Take one glance around Hotel Figueroa and it’s easy to understand why the 268-room hotel has long been a hub for creativity, self-expression, and style. The Spanish Colonial architecture, warm atmosphere, and artistic cultural programming make the property one of the city’s most inviting spaces for locals and visitors. But it’s the hotel’s heritage that adds an even deeper layer to this creative spirit. Hotel Figueroa’s deep-rooted commitment to championing women’s causes has helped the hotel carve a unique place in women’s history.
The story of Hotel Figueroa began in 1925, when women from the local YWCA secured a loan for what the Los Angeles Times called at the time “the largest individual financial transaction ever undertaken by a body of women in the United States” to build the hotel. Founded, financed and operated entirely by women for women, the hotel opened on August 14, 1926. At that time, not only could a single woman traveling alone face physical danger and social ridicule, she could also be denied lodging unless accompanied by a male chaperone. From the outset, Hotel Figueroa provided a safe haven for women travelers, devoting nine of its fourteen floors entirely to female guests.
At the helm of Hotel Figueroa was Maude N. Bouldin, the first female hotel manager in America and a woman who regularly flew planes, rode motorcycles, and openly challenged the gender norms that often kept women from achieving their full potential. Bouldin broke rules and cultural barriers whenever she could, and even showed up to the Hotel Men’s Association convention at Arrowhead in 1926 to disrupt the male-dominated hospitality industry. Under Bouldin’s leadership, the hotel became a place where artistry and social activism flourished, and Hotel Figueroa’s reputation as a civic-minded institution attracted leaders from organizations like the Women’s Law Enforcement Committee of Southern California, the L.A. Advertising Association, the California League of Women Voters, the Women’s International League, and the Business Women’s Legislative Council to hold meetings and events at the hotel.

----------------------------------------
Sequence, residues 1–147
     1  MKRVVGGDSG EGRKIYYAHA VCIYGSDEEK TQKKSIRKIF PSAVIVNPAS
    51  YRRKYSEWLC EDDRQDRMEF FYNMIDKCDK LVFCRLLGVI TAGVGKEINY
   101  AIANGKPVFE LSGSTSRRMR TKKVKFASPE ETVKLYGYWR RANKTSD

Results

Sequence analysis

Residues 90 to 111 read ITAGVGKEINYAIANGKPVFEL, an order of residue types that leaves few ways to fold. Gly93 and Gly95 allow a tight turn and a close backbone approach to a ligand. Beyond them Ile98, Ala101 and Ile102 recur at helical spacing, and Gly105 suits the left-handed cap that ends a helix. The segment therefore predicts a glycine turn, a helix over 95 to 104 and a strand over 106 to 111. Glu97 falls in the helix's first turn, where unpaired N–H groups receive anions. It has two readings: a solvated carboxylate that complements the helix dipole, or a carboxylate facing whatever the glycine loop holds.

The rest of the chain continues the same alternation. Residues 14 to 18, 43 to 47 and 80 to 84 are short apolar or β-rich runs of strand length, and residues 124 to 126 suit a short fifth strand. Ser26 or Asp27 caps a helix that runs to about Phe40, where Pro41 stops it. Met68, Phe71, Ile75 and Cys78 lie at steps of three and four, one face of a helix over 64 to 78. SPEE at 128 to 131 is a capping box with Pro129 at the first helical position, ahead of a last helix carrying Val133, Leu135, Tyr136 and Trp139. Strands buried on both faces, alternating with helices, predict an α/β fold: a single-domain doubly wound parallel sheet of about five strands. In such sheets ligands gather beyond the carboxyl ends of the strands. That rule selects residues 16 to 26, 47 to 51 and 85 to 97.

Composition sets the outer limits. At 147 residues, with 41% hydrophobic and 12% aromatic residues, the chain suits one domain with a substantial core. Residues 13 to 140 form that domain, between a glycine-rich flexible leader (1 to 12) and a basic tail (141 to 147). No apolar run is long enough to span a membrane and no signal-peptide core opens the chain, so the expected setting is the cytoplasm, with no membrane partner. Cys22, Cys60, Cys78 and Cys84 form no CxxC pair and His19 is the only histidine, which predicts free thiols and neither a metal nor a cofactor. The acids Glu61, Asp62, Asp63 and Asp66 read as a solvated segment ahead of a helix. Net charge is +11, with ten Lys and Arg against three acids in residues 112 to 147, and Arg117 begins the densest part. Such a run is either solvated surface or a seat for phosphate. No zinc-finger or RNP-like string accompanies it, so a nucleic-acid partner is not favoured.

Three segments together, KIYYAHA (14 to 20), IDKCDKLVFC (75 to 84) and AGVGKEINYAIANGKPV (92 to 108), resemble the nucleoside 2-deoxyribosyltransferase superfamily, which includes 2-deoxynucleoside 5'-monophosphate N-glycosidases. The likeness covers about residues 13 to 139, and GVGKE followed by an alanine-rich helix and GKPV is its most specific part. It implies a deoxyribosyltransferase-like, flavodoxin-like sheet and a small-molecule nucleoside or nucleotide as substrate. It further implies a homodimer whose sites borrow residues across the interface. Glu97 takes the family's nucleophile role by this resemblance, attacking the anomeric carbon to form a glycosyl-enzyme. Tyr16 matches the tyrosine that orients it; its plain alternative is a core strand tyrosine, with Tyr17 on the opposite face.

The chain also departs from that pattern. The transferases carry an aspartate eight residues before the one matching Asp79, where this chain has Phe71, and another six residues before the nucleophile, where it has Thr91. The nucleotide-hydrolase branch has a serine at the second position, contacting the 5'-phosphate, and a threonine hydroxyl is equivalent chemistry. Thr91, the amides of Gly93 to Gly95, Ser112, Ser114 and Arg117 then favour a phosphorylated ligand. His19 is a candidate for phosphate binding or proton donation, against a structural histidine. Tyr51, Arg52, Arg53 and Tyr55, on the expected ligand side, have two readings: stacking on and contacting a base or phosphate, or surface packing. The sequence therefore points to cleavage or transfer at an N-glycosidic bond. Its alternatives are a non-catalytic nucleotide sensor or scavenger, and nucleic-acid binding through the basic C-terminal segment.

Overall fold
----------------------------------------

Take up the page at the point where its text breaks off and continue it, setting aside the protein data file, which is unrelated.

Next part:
Rough financial times brought on by the crash of 1929 and the Great Depression led the YWCA to sell the hotel—though it would continue to operate the property until the early 1950s. Today, more than 90 years since Bouldin helped open doors for women, Hotel Figueroa is still proud of its feminist heritage. It’s our hope that, through dialogue, we can continue to push our society ever forward towards equality.
Happy International Women’s Day from all of us at Hotel Figuera!
Psst: Don’t miss the photograph of Boudin—on a motorcycle, no less— in the hotel’s reception area, a reminder and symbol of the hotel’s fearless past, vibrant present, and bright future.
Photos courtesy of Dick Whittington Photography Collection, USC Digital Library.
We’re continually inspired by the creative energy of Downtown Los Angeles. For local recommendations—and to hear from the diverse individuals who make DTLA what it is today—head to our Meet You Downtown blog.